Coronary Artery Geometry and Its Fluid Mechanical Implications
Detailed measurements of dimensions and branching geometry were obtained from 19 post-mortem casts of normal coronary arteries. The casts were prepared by injection of quick-setting resin at physiologic pressures.
Diameters of the major vessels scaled well to aortic diameter. The left coronary artery divided into its two branches after a variable distance, with an area expansion. The geometry of this bifurcation, and of other branches downstream, showed considerable variation. The right coronary artery also showed a variable pattern of branching, but had a constant curvature for the major part of its length.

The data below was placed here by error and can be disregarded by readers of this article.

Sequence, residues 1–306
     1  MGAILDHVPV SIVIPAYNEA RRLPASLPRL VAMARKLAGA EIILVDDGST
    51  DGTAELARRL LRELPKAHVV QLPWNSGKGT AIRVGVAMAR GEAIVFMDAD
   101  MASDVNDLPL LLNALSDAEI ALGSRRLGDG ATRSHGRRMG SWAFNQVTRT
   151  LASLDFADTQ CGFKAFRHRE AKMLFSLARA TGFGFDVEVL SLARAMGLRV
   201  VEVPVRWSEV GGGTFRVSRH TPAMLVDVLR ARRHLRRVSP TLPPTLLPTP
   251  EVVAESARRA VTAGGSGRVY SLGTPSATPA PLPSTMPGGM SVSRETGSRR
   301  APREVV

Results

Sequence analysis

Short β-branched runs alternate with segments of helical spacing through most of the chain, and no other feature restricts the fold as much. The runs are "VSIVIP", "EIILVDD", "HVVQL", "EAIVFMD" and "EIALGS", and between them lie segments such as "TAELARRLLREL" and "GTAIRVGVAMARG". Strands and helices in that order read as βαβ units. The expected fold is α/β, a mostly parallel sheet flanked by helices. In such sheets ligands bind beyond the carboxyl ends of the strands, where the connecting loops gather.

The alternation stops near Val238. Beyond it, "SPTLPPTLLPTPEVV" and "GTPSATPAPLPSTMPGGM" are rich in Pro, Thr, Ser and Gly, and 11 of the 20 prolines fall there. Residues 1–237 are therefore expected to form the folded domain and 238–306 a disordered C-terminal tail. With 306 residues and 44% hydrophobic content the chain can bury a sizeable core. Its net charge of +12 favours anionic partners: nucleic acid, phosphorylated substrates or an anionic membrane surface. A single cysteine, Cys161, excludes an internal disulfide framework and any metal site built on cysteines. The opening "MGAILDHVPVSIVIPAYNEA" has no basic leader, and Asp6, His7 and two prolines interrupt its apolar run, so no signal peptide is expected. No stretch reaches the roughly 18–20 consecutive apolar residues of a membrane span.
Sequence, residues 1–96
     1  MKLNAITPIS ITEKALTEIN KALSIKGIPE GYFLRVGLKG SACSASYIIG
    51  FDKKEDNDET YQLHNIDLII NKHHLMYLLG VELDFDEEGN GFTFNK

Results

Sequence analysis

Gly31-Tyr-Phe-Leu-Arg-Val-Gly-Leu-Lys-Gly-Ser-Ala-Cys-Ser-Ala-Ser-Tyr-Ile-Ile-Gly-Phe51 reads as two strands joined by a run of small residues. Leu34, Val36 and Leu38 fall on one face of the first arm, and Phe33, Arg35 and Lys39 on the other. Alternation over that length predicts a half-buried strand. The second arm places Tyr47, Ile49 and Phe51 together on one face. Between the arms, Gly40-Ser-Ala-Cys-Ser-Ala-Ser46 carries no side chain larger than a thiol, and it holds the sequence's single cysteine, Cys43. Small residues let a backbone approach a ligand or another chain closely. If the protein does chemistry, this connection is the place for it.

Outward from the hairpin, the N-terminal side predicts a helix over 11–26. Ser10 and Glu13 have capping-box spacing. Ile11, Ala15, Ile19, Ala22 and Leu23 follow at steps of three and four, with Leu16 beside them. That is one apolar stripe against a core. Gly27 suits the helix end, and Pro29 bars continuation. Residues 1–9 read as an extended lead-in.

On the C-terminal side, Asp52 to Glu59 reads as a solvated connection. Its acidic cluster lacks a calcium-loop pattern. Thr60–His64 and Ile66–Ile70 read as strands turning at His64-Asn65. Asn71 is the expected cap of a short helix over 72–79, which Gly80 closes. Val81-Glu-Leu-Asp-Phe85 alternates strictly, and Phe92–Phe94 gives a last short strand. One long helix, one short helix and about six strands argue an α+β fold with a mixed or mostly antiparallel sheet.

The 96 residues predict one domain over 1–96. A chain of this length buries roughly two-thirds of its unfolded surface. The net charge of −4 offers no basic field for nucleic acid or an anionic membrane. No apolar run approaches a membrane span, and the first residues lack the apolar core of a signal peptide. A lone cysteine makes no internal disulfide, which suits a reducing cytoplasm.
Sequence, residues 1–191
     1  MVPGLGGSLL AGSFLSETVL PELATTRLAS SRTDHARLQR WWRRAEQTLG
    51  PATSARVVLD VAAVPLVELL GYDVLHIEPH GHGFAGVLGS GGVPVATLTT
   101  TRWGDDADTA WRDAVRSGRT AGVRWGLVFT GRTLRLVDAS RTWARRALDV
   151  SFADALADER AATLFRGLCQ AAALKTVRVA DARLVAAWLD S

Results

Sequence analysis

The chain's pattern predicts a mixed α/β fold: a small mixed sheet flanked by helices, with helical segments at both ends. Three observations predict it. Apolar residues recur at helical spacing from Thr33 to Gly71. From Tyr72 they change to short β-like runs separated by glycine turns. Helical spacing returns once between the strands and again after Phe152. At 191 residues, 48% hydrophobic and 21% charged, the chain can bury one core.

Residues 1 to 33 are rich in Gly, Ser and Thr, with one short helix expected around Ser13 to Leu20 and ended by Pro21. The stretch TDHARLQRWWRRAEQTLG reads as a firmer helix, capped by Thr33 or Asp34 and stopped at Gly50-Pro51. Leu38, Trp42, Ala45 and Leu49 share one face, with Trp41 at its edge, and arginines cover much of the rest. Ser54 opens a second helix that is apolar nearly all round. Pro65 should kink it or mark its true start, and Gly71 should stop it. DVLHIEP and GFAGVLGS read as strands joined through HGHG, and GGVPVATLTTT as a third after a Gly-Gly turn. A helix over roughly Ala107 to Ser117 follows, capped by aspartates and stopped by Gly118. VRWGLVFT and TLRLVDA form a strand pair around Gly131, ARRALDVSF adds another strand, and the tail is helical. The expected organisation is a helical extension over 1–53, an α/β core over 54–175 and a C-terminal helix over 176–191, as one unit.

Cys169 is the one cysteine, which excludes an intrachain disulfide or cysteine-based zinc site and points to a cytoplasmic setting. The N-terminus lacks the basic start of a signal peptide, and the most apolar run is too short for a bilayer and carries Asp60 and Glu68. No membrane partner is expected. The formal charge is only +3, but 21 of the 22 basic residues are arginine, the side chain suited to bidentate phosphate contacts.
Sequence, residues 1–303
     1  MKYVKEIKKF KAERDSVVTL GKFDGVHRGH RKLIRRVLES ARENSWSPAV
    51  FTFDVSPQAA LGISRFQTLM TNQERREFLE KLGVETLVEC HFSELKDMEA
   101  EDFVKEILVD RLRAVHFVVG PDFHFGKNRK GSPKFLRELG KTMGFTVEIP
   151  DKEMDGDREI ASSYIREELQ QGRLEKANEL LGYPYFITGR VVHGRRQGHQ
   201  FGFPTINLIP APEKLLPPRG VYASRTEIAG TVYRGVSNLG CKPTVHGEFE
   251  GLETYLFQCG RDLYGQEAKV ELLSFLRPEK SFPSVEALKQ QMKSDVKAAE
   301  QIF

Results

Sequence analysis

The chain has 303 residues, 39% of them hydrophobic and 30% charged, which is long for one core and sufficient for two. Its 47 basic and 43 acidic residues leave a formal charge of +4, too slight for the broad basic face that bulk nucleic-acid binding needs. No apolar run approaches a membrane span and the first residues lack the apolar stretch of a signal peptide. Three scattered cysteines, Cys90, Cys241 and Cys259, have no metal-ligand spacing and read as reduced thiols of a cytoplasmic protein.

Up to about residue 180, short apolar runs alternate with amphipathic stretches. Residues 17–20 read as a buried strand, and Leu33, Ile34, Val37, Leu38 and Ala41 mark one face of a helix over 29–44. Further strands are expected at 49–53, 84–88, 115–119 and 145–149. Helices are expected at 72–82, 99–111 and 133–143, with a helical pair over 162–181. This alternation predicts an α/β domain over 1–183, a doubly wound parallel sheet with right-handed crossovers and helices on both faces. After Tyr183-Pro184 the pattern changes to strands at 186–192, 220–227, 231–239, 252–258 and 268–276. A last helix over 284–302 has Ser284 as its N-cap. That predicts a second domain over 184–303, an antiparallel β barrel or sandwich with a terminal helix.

Estimated Reynolds numbers were in the range 70–170, and mean wall shear-stress 12–42 dynes/cm, at both upstream and downstream sites in all major vessels. Comparison with known patterns of early atheroma suggest that if fluid mechanic determinants of atherogenesis operate in these vessels, they are determined on a very localized basis by the anatomy.
KeywordsWall Shear Stress Myocardial Blood Flow Downstream Site Human Coronary Artery Smooth Muscle Tone
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